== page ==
Sense Of Taste In Cats

Sense Of Taste In Cats

It is quite impossible to know exactly how a cat tastes things. Even though they seem to smack their lips after a meal, the taste is something that the only the cat could tell us – were it able to do so. But cats have such different likes and dislikes in foods from ours that it is probably fair to say that they do not taste things in the same way as we do. Cats’ taste buds are located on their tongues – as are ours – but here the similarity would seem to end.

The cat’s tongue has a dual function: it uses it as a sort of muscular ladle which curls at the tip for lapping milk, and it is also on its tongue that its taste buds are located.

Q. Why is it that cats often prefer milk to which sugar has been added to plain milk?

This is quite common in cats and is strange because cats are not thought to recognise sweet tastes. It has been suggested that the addition of sugar may bring out extra flavours, so making the milk highly palatable.

Q. Is a kitten born with a sense of taste?

Sense Of Taste In CatsYes, a newborn kitten has a highly developed sense of taste, which becomes less acute the older it gets.

Q. My cat seems to go off his food when he has a cough. Why is this?

The cat’s sense of taste seems to be impaired when it is suffering from a respiratory infection, much as ours is when we have a cold or ‘flu. This is a familiar syndrome for us, so we should not be surprised by it.he cat is a faddy eater, as anyone who owns a cat and is responsible for feeding it will confirm. The cat’s sense of taste is known to be closely linked to its sense of smell because the nasal passage opens into the mouth, with impulses from both registering on the olfactory lobe in the brain. We know that cats have a very highly developed sense of smell, so it seems only logical that we can assume that goes, too, for its sense of taste.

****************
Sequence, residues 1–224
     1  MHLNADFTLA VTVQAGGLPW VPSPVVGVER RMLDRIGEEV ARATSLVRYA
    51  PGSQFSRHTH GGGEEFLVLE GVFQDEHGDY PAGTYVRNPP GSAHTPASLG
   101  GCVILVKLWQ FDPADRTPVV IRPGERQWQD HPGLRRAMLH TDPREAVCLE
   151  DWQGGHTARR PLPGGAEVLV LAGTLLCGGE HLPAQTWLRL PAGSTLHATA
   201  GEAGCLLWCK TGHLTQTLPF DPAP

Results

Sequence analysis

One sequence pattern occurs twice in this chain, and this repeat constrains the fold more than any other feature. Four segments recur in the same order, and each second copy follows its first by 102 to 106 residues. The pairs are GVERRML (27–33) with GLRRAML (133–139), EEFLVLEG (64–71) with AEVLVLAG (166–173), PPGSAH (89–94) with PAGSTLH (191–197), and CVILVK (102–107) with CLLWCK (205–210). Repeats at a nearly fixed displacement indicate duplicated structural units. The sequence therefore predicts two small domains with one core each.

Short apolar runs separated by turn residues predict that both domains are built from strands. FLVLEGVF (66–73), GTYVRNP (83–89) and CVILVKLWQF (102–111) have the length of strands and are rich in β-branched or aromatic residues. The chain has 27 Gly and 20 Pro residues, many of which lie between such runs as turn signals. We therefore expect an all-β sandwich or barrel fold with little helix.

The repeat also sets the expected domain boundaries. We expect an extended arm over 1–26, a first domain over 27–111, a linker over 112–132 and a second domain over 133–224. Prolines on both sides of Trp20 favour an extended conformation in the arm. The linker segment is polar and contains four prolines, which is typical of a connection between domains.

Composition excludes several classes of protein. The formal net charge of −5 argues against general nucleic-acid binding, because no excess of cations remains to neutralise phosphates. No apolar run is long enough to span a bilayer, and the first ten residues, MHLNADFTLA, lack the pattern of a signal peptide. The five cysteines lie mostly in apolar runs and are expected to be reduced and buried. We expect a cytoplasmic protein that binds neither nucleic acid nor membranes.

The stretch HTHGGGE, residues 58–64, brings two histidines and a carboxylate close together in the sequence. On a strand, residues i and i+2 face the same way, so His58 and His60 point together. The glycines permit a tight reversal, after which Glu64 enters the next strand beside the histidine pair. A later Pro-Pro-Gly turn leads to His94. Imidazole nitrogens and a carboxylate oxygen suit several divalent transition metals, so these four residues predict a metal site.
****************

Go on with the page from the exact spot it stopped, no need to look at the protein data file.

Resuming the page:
The cat’s taste buds are located on its tongue, as are ours, but the cat does not seem to be able to detect the same tastes as us. This is true, in particular, of sweet tastes, which the cat does not appear to be able to discern, unlike other mammals. Sweet things are often known to upset a cat’s stomach and may be a cause of diarrhoea, so the fact that it cannot smell them may be nature’s way of protecting it, particularly as none of the foods that its body needs contains any appreciable amount of sugar.

  • Cats have a reputation for being finicky about their food: it seems that they are easily bored if they are presented with the same recipe day in, day out: like us, they like a varied and interesting menu.
  • The taste buds that are able to discern different types of taste are located on different areas on the cat’s tongue.
  • The cat is not able to detect sweet tastes. This may be nature’s way of protecting the cat because sugars are not good for them, causing upsets in the digestive system. Cats differ from dogs in this respect, as they have a notoriously sweet tooth.
  • The cat, like many other predatory mammals has a sense which is half way between smell and taste: flehmening.